BY PAULA ATKINSON, GUEST WRITER TO THE TIMES
My grandmother was treated for Alzheimer’s disease, but never diagnosed with it. Why? She was told by her doctor that it would take too long to accurately diagnose her. This experience is repeated time after time across the Black community, where we are 35 percent less likely to be diagnosed with Alzheimer’s.
On top of that, Black people are two times more at risk for developing Alzheimer’s than non-Hispanic whites. This silent epidemic of Alzheimer’s is disproportionately ravaging our community – and it’s well past time for action.
Want more proof? About 14 percent of Black people in America over the age of 65 have Alzheimer’s, compared with 10 percent of non-Hispanic whites, according to the Centers for Disease Control and Prevention. And since we know that African Americans are less likely to be correctly diagnosed, that disparity is likely much higher.
Last year, at a global Alzheimer’s conference, an Alzheimer’s Association report confirmed that people who experience chronic racism have lower memory scores and worse cognition. While this is true for Latinos, the report notes that Black people are most likely to experience racism at all levels, including structural, interpersonal and institutional. The effect of these experiences adds to the stress of daily living, takes years off a person’s life, and contributes to cognitive decline.
Knowing these systemic factors, and my personal connection to the disease, I became a Community Connector at the Global Alzheimer’s Platform Foundation (GAP). GAP is working to address these issues in communities throughout the U.S., and I am committed to arming people with information so that they can take their health into their hands.
For example, did you know that participating in a clinical research trial means you may gain access to potential treatments that help slow cognitive decline? Despite the opportunity for life-improving treatments, a mere 2 to 6 percent of people who are Black or Latino participate in Alzheimer’s research trials.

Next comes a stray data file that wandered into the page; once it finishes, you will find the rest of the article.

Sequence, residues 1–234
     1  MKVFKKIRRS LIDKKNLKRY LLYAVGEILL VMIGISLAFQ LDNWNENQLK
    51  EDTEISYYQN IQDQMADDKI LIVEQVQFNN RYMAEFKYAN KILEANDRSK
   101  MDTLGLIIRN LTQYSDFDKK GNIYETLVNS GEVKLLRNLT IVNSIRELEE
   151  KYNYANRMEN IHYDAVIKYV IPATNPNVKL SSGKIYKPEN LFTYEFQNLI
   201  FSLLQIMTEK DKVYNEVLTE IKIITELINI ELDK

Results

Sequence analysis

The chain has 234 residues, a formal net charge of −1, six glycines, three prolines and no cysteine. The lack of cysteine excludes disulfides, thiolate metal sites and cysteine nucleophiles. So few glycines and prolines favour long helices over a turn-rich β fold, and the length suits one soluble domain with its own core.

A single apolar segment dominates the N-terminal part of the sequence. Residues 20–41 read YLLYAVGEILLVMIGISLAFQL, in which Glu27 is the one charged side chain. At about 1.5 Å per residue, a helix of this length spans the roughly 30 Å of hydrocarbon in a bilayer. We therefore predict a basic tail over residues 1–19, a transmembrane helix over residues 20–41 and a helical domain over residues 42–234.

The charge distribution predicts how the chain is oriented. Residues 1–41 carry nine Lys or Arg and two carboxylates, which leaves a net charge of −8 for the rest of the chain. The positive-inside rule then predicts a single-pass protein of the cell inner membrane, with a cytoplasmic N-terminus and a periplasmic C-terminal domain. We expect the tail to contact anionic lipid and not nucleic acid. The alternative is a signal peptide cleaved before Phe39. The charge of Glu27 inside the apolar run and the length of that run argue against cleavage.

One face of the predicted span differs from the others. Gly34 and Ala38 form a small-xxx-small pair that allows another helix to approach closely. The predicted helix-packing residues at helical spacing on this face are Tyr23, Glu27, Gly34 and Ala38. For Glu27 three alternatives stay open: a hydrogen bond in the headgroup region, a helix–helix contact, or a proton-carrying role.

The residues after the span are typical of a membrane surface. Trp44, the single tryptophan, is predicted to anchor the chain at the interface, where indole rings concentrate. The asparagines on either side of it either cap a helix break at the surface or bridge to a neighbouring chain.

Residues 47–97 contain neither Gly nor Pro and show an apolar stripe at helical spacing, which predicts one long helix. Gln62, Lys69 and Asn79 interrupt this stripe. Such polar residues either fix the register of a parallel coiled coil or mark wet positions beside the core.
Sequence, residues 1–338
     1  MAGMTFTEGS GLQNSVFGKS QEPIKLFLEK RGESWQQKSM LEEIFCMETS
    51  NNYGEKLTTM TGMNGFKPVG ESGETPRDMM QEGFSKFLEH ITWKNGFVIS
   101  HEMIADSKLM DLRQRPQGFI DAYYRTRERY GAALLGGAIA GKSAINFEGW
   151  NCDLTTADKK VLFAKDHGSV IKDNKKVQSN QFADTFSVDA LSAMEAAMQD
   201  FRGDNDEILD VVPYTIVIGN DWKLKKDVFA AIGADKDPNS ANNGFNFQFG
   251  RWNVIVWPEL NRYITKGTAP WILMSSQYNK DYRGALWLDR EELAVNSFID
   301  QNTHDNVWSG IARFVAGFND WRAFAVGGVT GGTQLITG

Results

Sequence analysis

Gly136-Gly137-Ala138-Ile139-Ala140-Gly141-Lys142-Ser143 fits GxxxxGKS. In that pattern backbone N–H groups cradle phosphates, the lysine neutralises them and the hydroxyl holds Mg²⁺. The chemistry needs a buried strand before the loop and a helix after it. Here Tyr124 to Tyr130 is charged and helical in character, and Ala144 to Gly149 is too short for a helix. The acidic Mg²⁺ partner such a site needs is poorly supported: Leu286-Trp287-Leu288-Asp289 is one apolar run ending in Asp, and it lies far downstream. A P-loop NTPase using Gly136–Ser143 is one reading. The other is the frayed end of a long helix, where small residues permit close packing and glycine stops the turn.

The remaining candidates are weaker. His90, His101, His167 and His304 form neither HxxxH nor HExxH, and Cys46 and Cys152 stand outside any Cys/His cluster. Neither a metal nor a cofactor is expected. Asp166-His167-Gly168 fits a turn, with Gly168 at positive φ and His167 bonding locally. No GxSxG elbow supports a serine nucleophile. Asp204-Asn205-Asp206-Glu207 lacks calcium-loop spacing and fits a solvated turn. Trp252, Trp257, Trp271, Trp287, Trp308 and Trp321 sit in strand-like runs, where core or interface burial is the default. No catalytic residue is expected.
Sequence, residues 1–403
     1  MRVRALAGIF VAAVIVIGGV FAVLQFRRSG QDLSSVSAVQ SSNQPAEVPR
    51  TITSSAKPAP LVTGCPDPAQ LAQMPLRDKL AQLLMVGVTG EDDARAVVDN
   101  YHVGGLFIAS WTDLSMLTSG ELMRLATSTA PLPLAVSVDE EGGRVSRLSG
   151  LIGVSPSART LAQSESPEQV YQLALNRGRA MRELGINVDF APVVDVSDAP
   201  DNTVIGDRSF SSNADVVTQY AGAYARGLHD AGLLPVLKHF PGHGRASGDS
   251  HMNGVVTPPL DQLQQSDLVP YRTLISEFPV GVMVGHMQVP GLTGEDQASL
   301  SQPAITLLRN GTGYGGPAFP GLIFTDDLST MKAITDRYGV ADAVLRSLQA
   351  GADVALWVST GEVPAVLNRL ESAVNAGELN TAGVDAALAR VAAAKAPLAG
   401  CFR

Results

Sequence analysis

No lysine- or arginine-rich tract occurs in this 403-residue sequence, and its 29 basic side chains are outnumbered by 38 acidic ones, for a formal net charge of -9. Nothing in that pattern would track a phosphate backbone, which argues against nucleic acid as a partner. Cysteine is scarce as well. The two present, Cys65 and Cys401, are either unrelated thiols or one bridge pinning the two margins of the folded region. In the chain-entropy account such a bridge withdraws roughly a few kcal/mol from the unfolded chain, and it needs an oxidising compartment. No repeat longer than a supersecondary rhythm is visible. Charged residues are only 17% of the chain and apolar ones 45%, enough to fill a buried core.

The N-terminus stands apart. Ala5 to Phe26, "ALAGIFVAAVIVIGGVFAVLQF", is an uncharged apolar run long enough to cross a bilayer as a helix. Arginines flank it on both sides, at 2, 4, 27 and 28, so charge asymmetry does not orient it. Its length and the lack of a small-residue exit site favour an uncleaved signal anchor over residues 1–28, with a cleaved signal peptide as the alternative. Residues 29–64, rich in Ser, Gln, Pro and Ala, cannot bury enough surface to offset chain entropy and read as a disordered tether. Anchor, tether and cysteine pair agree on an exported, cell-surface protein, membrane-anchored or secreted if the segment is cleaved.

One of the most important things we do at GAP is to support the work of researchers and clinics through clinical research trials. Right now, K2 Medical Research in Maitland is enrolling volunteers for an Alzheimer’s clinical research study that could advance understanding of the disease and increase the availability of a potential new treatment to slow cognitive decline.
K2 Medical Research, which is a part of GAP-Net, the GAP network of research sites, is intentionally working to enroll volunteers from underrepresented communities in and around Orlando. GAP-Net sites benefit from sharing knowledge and experience to advance research about Alzheimer’s and other neurodegenerative conditions.
Recently, new treatments have brought more hope to the Alzheimer’s community. By continuing to include more Black and brown people in clinical research, we will make more advancements that serve more people. That’s exactly what this study is about. We all want better access to healthcare and treatment.
If you or a loved one is between the ages of 65 and 80, have mild Alzheimer’s or mild cognitive impairment (MCI), then signing up to participate in a study, especially if you’re a person of color, is a real concrete way to take a step in that direction.
People interested in learning more can call (407) 500-5252 or visit https://k2medicalresearchform.com.